Quick poll: Raise your hand — digitally, of course — if you agree that most Brethren in Christ think of our “peace position” as a conviction emerging from our Anabaptist heritage alone.
Is your hand in the (online) air? If so, some recent books on Holiness and Pentecostal groups might challenge that assumption.
If you’re curious, check out historian David Swartz’s recent post at his blog, Moral Minority. (Readers might remember Swartz’s name as this year’s Schrag Lecturer for the Sider Institute at Messiah College.) In it, Swartz reviews a new edited collection from Jay Beaman and Brian K. Pipkin, Pentecostal and Holiness Statements on War and Peace (Wipf & Stock, 2013). The collection compiles numerous late nineteenth and early twentieth century statements on war, peace, and the church’s response from a variety of Holiness and Pentecostal denominations: the Wesleyan Methodists, Church of God (Fort Scott, Kansas), Church of the Living God, Church of God (Anderson), Church of the Nazarene, Congregational: Broadway Tabernacle, Emmanuel Association, Free Methodist Church, and the Salvation Army, among others.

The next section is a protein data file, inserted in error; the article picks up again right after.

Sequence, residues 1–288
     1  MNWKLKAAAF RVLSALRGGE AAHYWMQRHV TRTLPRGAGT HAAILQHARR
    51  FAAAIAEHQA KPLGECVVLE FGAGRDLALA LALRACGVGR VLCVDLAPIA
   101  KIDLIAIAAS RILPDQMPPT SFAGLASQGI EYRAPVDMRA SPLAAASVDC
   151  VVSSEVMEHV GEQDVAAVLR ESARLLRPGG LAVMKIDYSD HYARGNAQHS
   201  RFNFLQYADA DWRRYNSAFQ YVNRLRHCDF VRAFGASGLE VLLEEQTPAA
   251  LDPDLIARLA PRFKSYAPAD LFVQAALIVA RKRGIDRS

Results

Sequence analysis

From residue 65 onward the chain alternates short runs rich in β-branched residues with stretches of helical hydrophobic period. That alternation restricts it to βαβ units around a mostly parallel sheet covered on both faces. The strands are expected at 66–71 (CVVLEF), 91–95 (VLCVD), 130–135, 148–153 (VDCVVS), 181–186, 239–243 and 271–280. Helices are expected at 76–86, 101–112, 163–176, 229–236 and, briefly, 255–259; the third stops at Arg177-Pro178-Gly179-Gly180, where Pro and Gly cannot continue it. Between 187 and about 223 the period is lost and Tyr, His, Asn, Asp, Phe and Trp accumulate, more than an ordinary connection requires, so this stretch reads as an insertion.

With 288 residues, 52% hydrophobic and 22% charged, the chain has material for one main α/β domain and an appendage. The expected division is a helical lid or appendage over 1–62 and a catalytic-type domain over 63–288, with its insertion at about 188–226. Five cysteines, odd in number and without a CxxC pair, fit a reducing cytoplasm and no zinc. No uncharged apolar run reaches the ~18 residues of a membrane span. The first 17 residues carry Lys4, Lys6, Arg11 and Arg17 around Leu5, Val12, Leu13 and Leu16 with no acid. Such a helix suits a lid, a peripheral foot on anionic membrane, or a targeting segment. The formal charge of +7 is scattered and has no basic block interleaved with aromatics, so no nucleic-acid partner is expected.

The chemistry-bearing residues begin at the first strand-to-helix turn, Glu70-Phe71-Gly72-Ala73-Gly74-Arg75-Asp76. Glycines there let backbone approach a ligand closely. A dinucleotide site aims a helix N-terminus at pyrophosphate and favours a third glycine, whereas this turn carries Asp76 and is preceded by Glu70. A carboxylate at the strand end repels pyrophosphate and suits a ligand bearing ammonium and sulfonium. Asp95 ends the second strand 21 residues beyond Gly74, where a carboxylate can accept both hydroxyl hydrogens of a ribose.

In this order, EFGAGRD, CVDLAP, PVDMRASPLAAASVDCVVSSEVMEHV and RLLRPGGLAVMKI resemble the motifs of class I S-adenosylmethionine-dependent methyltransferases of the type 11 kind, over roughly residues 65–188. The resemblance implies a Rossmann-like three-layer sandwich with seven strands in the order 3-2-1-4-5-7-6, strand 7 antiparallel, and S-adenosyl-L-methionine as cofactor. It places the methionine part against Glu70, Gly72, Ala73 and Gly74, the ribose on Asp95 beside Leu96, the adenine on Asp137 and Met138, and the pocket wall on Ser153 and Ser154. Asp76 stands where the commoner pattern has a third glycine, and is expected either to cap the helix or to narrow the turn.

The result, of course, is conclusive proof that in the late nineteenth and early twentieth centuries, various Holiness and Pentecostal denominations and groups espoused a Christian pacifism similar to the forms of pacifism espoused by Mennonite, Brethren in Christ, and other groups tracing their roots to Anabaptism.
More on Pentecostal and Holiness peace positions, after the jump.
Here’s a taste of Swartz’s review:
The [Pentecostal and Holiness] statements are diverse, representing numbers of John Howard Yoder’s twenty-nine distinct types of pacifism as described in Nevertheless: The Varieties and Shortcomings of Religious Pacifism. Some documents denounced any law that supported warfare, such as paying war taxes or working for war-related industries. Others drew the line at actual killing. Still others contended for “personal nonresistance,” citing Romans 13 and saying that the state had the authority to prosecute war, but that they couldn’t personally participate. Binding each of the statements together was biblicism, defined by Christian Smith as a “theory about the Bible that emphasizes together its exclusive authority, infallibility, perspicuity, self-sufficiency, internal consistency, self-evident meaning, and universal applicability.” In a very helpful introduction to the volume, Beaman describes the biblicist case for pacifism in great depth. In short, these holiness writers made a very serious attempt to “harmonize inconsistent passages across the Bible.”